Who that source is, we don't know, but Greenberg is no stranger to the organization. He has been a hockey writer for more than three decades, including 14 years covering the Flyers for the Daily News and the Bulletin from 1975-1989, after which he was on staff at the New York Post. In 2000, Greenberg published a book on the history of the Flyers called Full Spectrum, and he's recently contributed to CSNPhilly.com.

Perhaps that's just the craft of the experienced writer convincingly building a stable narrative on a speculative topic. But in articles like these in which major outlets discuss a team's intentions, a source is often named or alluded to. In this case, I don't think the lack of a mention means there is a lack of a source, and that's what grabbed my attention as much as the subject being Tim Thomas.

We won't know for sure whether the Flyers will try to trade for Thomas or at least kick the tires with Boston again until the postseason ends and the player movement window opens, and perhaps we won't even know after that. The article doesn't state that Thomas is the only option the Flyers are targeting, nor even the first; several other possible options are mentioned. But the prevailing notion I tend to agree with in the report isn't so much the team's interest in Thomas, but their interest in a short-term but stable answer. It's been on my mind since first hearing the comments of the GM and the Chairman on Bobrovsky. If Bob is believed to be the goalie of the future, why sign an expensive free agent to a long-term deal? Gambling on a goaltender's future performance is scary enough.

Meanwhile, I could also imagine Ed Snider saying the same thing most of us were as the Flyers got swept out of the second round by the Bruins… What's it going to take to get THAT guy in our net?

We'll hold off on delving into whether or not a deal for Thomas is the right fit for the Flyers until we hear more, and possibly until the information comes from a named source. The evaluation of any such deal would heavily involve what the team had to give up both to pry Thomas loose and free up any needed cap space. The "Insert Thomas" part has its obvious advantages.

For now, we're just adding another name to the 2011 Flyers Goalie Watch, but also taking a look at the Flyers' possible short-term line of thinking when it comes to the acquisitions market.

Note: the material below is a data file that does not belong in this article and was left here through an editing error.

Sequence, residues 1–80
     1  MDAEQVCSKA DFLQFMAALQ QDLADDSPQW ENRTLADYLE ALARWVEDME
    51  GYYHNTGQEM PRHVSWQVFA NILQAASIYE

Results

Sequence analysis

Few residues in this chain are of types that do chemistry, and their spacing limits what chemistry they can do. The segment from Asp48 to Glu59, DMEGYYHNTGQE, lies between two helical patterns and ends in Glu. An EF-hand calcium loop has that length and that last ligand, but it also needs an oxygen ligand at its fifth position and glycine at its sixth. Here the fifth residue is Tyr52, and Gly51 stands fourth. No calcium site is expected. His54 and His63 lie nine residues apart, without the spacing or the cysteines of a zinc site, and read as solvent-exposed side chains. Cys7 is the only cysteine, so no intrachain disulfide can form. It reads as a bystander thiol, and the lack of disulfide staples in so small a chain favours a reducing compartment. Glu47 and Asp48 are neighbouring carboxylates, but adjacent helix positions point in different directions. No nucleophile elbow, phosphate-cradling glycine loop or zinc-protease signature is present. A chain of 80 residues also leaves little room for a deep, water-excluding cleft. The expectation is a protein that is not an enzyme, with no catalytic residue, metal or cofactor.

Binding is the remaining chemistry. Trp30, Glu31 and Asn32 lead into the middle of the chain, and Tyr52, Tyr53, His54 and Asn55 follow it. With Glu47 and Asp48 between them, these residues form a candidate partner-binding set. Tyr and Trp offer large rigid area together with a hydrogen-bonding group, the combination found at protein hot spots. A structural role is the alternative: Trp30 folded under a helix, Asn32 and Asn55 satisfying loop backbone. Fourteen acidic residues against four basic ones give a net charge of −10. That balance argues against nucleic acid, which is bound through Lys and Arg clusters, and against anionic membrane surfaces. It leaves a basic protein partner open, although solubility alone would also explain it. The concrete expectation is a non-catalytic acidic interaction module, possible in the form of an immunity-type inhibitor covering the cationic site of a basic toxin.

Photo: Greg M. Cooper-US Presswire

Eagles camp Day 6 observations: The pads finally go on

Eagles camp Day 6 observations: The pads finally go on

It kinda looked like football today!

After months of watching Eagles run around in shorts, the pads went on this morning. No, the team didn’t go live (tackling to the ground), but the pads were popping some and it actually resembled the real game way more than the previous days' sessions. The plan is to go three days with pads before a day without them.

A few guys – Nolan Carroll, Rueben Randle, to name a few – left practice early thanks to injuries, but it didn’t appear any of the injuries were serious (see story).

Here are some observations from Saturday’s practice:

• The much-anticipated first play of 11-on-11s was won by left defensive end Vinny Curry, who blew past right tackle Lane Johnson and would have had a sack if not for that pesky red jersey Sam Bradford was wearing.

How did Curry feel today?

“Hot," he said. "Hot."

You don’t look hot.

“I got my crop top on, you know what I mean,” he said, showing off his green shirt with midriff showing. “It was fun though, man. I got a lot to learn. I’ve got a long way to go.”

• After Curry got a chance to show his stuff with the first team, Marcus Smith flashed with the twos. Yes, that Marcus Smith. On the first play, he beat Matt Tobin, who has been working at left tackle. It’s obviously early and he’s the fourth-best defensive end on the roster, but the switch to the 4-3 defense could actually make him a serviceable NFL player. He’s better going downhill. Smith looked good in 1-on-1 drills against Dennis Kelly later.